The purpose of this paper is to provide an alternative understanding of knowledge transfers in developing contexts by drawing on recent deconstructions of the development sciences in anthropology and postcolonial studies to analyze transfers of management knowledge in Malaysia. Contrary to most mainstream research that conceives of transfers as a literal or objective process of skills deployment and acquisition, it refers attention to the modernist assumptions, concepts and practices of knowledge/power that are attached to knowledge transfers.
The study is based on primary and secondary data from two electronics multinational and statutory agencies in Malaysia. Primary data were collected via interviews with training officials and managers; observations were based on training and training‐related events like orientation. Secondary data include multinational and statutory agency literature, quality control circle reports and a corporate orientation video. Data analysis included discourse analysis and deconstruction.
Findings highlight the importance of situating knowledge transfers within the discursive and socially organized terrain (local and global) – economic, institutional, disciplinary – that transfers are embedded in, and the significance of knowledge transfers and the attendant focus on training as sites for cultivating and producing the modern market subjects needed to have and to sustain neoliberal forms of development and globalization. The paper re‐situates interests in knowledge transfers in terms of a need by state officials and foreign multinationals to actively produce and reconstitute local subjects into modern market citizens that are able and capable of contributing – as required – to the development and organizational needs of said institutions.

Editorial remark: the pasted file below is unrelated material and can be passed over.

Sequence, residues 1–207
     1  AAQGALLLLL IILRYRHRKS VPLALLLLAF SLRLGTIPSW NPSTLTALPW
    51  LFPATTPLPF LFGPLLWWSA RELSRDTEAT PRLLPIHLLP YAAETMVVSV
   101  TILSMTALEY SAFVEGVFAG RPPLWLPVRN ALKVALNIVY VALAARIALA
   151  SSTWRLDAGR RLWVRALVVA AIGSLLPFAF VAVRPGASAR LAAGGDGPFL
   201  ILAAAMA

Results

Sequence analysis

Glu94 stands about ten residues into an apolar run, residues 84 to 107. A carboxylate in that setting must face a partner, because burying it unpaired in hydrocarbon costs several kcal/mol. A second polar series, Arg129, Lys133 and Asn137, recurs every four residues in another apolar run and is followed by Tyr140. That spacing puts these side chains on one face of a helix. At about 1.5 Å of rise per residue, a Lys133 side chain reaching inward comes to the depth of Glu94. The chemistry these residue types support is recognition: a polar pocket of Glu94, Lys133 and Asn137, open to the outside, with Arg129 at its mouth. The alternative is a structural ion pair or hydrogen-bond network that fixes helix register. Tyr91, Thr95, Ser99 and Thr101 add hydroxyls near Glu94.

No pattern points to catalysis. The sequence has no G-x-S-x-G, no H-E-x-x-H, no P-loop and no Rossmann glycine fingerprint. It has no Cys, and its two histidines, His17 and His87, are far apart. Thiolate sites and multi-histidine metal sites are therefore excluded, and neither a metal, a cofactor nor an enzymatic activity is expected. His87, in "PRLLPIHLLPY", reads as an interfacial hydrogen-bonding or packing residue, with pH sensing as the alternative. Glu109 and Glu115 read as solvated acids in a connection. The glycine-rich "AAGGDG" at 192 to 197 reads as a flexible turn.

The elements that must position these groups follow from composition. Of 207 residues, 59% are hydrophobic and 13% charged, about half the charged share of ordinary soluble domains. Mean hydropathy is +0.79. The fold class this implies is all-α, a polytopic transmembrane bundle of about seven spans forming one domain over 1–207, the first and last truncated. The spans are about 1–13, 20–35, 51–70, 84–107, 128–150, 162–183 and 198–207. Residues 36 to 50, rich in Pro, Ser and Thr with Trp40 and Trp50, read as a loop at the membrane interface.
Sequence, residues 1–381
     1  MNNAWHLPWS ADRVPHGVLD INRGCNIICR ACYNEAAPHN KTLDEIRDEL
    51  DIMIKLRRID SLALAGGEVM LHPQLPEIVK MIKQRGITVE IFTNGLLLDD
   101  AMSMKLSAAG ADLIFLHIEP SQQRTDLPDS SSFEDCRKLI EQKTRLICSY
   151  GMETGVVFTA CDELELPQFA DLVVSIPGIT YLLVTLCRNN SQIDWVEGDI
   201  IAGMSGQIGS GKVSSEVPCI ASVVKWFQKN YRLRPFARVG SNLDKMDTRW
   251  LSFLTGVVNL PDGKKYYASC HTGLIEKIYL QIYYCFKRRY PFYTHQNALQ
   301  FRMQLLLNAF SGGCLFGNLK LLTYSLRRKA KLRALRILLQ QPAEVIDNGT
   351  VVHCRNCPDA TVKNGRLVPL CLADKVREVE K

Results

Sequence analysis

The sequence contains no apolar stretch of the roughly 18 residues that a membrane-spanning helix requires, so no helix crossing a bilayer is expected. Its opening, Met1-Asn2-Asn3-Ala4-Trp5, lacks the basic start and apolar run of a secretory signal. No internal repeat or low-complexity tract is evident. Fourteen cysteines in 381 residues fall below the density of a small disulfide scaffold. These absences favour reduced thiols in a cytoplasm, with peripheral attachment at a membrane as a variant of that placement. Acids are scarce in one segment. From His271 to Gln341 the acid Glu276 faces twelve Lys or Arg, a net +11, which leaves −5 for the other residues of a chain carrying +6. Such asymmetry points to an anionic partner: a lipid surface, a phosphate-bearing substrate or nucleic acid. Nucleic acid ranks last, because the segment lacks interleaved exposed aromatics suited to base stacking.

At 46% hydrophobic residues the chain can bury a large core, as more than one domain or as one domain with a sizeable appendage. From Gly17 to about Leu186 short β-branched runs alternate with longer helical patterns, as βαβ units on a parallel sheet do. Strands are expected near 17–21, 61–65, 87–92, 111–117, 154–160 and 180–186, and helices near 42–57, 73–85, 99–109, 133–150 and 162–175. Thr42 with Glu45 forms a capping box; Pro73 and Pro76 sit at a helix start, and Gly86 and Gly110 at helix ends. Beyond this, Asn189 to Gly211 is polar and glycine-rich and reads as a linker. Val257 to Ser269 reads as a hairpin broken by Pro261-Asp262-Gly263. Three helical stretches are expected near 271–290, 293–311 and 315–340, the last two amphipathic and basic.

By extrapolating insights from recent deconstructions of the development sciences and postcolonial studies, the paper provides an alternative way of researching the process, and understanding the significance of transfers: one that showcases the close imbrications between knowledge, power, subjectification, and interconnections between local institutions/constituents (e.g. statutory agencies, government ministries, training personnel) and global capital (e.g. multinationals).
Chio, V.C.M. (2008), "Transfers, training and inscriptions: The production of modern market citizens in Malaysia", critical perspectives on international business, Vol. 4 No. 2/3, pp. 166-183. https://doi.org/10.1108/17422040810870051Download as .RIS
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